Accordingly, the Player agrees that he will not, without the written consent of the Team, engage in any activity that a reasonable person would recognize as involving or exposing the participant to a substantial risk of bodily injury including, but not limited to: (i) sky-diving, hang gliding, snow skiing, rock or mountain climbing (as distinguished from hiking), rappelling, and bungee jumping; (ii) any fighting, boxing, or wrestling; (iii) driving or riding on a motorcycle or moped; (iv) riding in or on any motorized vehicle in any kind of race or racing contest; (v) operating an aircraft of any kind; (vi) engaging in any other activity excluded or prohibited by or under any insurance policy which the Team procures against the injury, illness or disability to or of the Player, or death of the Player, for which the Player has received written notice from the Team prior to the execution of this Contract; or (vii) participating in any game or exhibition of basketball, football, baseball, hockey, lacrosse, or other team sport or competition. If the Player violates this Paragraph 12, he shall be subject to discipline imposed by the Team and/or the Commissioner of the NBA.

It’s hard to see the Cavaliers restricting LeBron on anything like this. They practically let him write his own contract – two-year max with a player option and trade kicker – annually so he can keep collecting as the salary cap rises. If he requested a clause allowing him to ride a motorcycle, would they really say no?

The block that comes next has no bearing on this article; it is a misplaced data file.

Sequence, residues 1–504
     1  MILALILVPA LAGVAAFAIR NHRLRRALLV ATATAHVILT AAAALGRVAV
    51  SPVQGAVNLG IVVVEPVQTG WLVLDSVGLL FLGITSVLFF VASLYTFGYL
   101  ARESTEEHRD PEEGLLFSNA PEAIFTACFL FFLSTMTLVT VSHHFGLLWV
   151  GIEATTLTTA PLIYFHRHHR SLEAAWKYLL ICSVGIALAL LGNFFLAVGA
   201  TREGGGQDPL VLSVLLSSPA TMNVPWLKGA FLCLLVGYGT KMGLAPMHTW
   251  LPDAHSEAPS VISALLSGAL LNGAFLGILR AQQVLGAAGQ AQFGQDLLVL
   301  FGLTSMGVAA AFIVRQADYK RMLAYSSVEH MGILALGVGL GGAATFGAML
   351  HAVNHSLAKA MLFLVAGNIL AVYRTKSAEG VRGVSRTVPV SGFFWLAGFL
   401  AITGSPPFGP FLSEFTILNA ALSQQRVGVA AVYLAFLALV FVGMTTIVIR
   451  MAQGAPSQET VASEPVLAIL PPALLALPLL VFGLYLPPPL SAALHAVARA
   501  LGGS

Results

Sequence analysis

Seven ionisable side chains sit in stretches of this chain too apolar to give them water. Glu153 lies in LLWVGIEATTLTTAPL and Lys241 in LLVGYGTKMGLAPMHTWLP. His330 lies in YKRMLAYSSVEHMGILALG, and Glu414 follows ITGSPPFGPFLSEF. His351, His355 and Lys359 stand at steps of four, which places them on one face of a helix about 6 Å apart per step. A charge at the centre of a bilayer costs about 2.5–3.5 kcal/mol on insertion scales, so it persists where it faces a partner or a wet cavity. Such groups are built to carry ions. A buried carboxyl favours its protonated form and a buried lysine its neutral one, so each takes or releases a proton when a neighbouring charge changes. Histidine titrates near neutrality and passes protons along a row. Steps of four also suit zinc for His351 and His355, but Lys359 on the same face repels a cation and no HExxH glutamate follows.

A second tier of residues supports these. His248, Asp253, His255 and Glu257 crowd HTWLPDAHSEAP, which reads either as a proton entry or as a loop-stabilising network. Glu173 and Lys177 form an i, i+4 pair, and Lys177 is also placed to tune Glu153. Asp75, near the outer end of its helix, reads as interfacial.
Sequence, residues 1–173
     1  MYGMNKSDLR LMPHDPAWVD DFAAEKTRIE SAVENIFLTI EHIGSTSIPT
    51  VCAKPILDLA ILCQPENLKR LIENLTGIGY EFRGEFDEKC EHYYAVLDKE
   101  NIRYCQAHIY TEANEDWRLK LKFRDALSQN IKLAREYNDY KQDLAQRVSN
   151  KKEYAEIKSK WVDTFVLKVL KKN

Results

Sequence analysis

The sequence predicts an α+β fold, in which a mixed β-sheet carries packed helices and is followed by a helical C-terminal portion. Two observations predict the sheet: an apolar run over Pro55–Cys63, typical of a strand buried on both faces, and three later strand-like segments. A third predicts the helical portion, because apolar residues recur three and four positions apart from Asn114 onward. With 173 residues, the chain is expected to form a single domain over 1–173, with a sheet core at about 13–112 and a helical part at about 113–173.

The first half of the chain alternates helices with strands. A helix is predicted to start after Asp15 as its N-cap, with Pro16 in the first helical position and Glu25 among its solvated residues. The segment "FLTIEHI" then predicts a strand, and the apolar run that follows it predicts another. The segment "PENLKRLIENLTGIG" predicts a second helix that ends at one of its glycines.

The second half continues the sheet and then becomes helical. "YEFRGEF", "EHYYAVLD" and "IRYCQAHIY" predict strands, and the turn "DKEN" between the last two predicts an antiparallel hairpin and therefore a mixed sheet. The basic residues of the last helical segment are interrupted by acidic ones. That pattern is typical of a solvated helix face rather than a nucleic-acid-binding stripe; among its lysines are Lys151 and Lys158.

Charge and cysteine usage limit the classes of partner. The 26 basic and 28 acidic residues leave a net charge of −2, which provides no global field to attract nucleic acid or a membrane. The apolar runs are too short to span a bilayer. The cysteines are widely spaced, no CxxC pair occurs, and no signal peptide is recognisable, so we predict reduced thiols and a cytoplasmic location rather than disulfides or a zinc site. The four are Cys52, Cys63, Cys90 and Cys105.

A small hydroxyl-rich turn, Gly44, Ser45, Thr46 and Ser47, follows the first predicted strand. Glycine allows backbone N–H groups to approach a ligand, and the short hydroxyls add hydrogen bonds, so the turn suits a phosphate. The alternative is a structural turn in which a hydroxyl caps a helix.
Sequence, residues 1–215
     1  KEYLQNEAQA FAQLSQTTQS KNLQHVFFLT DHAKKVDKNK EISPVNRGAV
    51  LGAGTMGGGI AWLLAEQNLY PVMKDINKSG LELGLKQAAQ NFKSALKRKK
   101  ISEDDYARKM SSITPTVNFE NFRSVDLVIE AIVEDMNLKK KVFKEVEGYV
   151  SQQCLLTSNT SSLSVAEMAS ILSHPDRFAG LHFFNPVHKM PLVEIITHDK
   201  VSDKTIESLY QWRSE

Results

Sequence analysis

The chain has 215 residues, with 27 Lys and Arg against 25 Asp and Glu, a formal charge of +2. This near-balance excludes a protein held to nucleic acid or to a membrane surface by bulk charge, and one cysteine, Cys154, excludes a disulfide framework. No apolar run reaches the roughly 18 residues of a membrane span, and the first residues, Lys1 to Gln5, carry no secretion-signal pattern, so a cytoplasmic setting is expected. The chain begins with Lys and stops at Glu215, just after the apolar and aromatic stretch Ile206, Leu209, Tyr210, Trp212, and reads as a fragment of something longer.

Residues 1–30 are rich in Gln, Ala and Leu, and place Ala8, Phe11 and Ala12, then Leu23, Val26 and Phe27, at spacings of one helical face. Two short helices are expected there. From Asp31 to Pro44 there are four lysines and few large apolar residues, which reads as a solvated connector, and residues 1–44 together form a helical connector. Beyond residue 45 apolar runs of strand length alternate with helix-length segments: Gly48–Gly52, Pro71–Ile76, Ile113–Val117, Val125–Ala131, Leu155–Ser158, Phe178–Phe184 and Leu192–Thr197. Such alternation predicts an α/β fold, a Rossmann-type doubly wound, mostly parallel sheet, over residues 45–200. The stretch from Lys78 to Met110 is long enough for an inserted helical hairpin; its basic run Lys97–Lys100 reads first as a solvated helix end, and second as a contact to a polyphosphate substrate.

On the other hand, I doubt they want their franchise player taking any undue risks. It’s worth noting, though, that Williams wasn’t wearing a helmet and didn’t have a license. Maybe the Cavaliers could accept LeBron riding in a safer manner.

But if they didn’t consent and LeBron is riding a motorcycle, what would the consequences be? They’re not voiding his contract. It’d be up to the team and Adam Silver to determine punishment, and I don’t recall any precedent for that type of violation.

76ers owner: Brett Brown deserves an ‘A’

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Only one person in NBA history has coached as many games as Brett Brown and had a worst winning percentage.

The 76ers coach, who sports a 37-127 record, is trumped by just Brian Winters. Winters went 36-148 with the expansion Grizzlies and during interim stint guiding the Warriors.

Brown is entering the third season of his four-year contract, and Philadelphia general manager Sam Hinkie has been mum about an extension.

76ers owner Josh Harris is taking a similar approach, but he also says a lot of nice things about Brown.

Harris, via John Finger of CSN Philly:

“It’s probably not appropriate for me to talk about specifics about what the negotiations are with him,” Harris said during a media conference on Thursday at the team’s training camp at Stockton College.

“I give Brett an A for the job he’s done,” Harris said. “He’s been an incredible player development person, which is what we need at this point in time. He’s a great person to be around. He’s enthusiastic and he’s a born coach and a leader of men. I’m very impressed with Brett and I hope and expect Brett to be around the team for a very long time.”

Brown has done a fantastic job keeping this team engaged through losing and developing its young players. It’s not his fault Philadelphia stinks. Tanking is an organizational decision.

But the 76ers aren’t tanking forever, and soon, they’ll require a different type of coaching.

Is Brown up for it? No idea. He hasn’t had any chance to prove it.

After all he’s done, though, he probably deserves a chance to find out.